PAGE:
Like many developers, we enjoy making fun of other people's code. I've had lots of those discussions over the years. And when it comes to who has had to work with the worst code, I've never lost.
Way back when I was just out of college - when 7-bit ASCII ruled the world, and people hadn't decided whether lowercase characters were a fad or not - I worked for a Large Seattle Aerospace Company, at Large Seattle Aerospace Company Computer Services, in a group that built graphics tools for engineers.
One of the libraries that we owned was generated code.
Now, I don't hate generated code. The Windows Forms Designer and I have a generally felicitious relationship. I even have a patent cube (which you get when an application is accepted at Microsoft) sitting on my windowsill that is related to an architecture for doing generated code.
This particular library was special. It goes without saying that the source to the generator was lost in the card recycling bin of time, but that was not what made it unique.
First of all, it was in FORTRAN. And not that namby-pamby FORTRAN where you can have modern control structures, this was FORTRAN 77, and you had better know how to count spaces and what it meant to put a character in column 6. Did you think that python came up with the idea of significant whitespace? Pshaw.
Secondly, the programmer who had written the code generator was a bit of a FORTRAN afficianado. There's a feature in FORTRAN 77 known as the "assigned goto". Here's an example:
ASSIGN 30 TO LABEL NUM = 40 GO TO LABEL NUM = 50 ! This statement is not executed30 ASSIGN 1000 TO IFMT PRINT IFMT, NUM ! IFMT is the format specifier1000 FORMAT(1X,I4) END
Now, to understand this, you have to remember that by default, any variable that starts with the letters I-N is implicitly an INTEGER variable (all others are implicitly REAL). So, you can assign 30 to LABEL (this is *not* the same thing as writing LABEL=30, which means what you expect it to mean), and then use "GO TO LABEL" to goto 30.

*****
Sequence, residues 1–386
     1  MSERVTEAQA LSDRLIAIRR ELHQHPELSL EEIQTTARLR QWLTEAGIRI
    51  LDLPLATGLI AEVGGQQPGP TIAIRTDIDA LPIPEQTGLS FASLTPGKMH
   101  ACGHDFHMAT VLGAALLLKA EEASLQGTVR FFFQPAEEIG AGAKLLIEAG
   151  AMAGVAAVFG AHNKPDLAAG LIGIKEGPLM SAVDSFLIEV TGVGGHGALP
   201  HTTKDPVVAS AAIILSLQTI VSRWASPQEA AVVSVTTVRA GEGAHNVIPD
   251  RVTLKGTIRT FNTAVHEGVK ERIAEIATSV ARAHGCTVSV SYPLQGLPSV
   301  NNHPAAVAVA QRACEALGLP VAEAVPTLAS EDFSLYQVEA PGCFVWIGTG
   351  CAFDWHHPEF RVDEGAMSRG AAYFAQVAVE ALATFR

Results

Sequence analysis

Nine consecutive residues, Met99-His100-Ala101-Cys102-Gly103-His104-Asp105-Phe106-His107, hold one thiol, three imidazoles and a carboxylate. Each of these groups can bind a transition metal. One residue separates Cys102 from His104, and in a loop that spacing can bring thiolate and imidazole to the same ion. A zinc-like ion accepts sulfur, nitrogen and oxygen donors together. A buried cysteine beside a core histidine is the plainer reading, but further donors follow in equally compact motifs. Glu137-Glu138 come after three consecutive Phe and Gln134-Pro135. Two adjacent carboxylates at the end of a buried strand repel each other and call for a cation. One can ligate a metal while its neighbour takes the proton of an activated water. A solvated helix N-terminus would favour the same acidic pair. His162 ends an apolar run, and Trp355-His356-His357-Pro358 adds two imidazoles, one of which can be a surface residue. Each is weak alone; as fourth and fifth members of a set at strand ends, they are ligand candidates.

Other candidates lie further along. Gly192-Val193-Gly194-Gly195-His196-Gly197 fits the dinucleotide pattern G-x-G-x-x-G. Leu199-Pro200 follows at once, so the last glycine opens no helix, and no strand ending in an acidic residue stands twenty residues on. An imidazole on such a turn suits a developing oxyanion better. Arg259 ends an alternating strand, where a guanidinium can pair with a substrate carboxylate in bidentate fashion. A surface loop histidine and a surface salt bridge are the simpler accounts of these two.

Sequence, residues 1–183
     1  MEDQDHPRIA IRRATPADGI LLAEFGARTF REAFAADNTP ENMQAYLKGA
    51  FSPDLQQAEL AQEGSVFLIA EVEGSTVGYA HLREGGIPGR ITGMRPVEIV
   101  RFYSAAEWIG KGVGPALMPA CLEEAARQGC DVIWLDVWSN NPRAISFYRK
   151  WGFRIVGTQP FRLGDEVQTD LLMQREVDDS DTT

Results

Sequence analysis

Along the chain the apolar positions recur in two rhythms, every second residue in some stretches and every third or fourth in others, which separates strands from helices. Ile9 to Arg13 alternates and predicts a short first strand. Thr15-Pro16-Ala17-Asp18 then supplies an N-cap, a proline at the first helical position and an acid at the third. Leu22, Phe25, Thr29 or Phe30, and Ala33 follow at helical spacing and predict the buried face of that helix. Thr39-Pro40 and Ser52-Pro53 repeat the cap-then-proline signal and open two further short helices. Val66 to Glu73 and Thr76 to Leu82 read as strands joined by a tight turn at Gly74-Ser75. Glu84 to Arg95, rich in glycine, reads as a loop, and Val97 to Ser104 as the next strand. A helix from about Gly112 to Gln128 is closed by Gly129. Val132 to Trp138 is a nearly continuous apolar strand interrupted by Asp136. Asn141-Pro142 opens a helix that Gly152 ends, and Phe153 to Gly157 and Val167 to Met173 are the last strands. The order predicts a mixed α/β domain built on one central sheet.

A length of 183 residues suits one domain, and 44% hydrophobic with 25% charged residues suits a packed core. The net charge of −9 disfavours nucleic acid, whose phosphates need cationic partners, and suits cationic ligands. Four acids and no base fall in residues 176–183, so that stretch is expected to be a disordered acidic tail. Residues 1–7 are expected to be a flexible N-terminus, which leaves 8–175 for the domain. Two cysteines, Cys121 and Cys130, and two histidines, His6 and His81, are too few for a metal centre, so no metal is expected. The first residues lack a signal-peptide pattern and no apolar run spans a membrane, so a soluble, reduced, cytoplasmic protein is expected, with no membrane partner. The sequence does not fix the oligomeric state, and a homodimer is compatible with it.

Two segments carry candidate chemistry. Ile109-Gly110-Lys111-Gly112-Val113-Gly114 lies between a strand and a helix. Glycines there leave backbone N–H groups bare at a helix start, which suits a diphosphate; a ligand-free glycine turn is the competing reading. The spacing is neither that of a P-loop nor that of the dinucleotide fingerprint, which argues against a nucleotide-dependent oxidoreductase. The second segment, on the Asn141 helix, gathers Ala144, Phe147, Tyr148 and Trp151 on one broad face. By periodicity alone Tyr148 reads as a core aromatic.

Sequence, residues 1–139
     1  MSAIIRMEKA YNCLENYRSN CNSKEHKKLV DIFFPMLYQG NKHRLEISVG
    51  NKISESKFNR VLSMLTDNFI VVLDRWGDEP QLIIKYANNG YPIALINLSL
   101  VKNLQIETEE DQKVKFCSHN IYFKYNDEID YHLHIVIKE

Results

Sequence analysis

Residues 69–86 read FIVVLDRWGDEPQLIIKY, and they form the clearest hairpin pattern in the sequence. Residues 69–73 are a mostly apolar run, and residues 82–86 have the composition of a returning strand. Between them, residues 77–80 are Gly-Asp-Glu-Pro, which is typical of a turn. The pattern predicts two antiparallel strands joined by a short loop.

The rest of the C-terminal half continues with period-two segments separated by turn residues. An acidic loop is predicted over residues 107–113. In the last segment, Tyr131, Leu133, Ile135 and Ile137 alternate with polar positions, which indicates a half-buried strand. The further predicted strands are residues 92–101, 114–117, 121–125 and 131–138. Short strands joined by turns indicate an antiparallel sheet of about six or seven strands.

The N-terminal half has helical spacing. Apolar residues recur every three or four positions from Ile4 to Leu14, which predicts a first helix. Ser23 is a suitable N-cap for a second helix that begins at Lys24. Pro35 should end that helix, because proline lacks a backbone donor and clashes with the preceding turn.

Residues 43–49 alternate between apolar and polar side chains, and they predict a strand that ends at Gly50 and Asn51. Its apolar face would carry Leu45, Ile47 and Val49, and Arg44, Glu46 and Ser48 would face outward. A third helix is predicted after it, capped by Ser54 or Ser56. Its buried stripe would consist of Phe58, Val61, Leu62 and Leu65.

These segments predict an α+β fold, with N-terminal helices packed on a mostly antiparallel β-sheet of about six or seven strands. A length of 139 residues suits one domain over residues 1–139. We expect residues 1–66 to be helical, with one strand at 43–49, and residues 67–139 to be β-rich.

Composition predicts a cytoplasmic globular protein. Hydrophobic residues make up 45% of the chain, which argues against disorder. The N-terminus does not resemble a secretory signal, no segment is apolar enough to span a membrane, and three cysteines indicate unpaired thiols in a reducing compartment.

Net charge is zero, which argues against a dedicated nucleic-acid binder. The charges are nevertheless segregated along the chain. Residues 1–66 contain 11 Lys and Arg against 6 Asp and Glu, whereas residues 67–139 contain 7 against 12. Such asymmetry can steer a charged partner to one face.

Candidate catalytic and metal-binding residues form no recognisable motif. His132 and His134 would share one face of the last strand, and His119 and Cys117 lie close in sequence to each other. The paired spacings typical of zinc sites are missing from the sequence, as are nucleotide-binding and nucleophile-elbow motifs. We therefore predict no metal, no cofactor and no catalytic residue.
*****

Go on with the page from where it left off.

Suffice it to say that the developer had never read Dijkstra.
Now, my guess is that while the vast majority of you are thankful that you don't have to work in FORTRAN, there is a divide in opinion beyond that. Some of you are saying "Well, that's not really that bad". But the rest of you are shaking your heads, because you know what is coming.
When you're doing code generation, you need to somehow come up with variable names. In this case, the developer took the easy way out, and all integer variables were something like "I1344".
And line numbers also use the same range, starting at 1000 and going on up.
So, it means that the code has lots statements like:
GO TO 11634
and lots statements like:
GO TO I1655
Did I mention that in the fonts of the day, the difference between "1" and "I" was fairly subtle? Even if you did notice the I in front, you had to cope with the fact that
GO TO 3455
At least, it meant that sometimes, but I1655 would be re-assigned when the program ran.
IIRC, there were about 15K lines of this in library.
So, bother me not with tales of poorly-formatted C# code or 2000 line C functions. They are mere trifles. To snatch the rock from my palm will require something stronger. Are you up to the challenge?
(I am a bit worried that there might be some LISP or APL programmers out there...)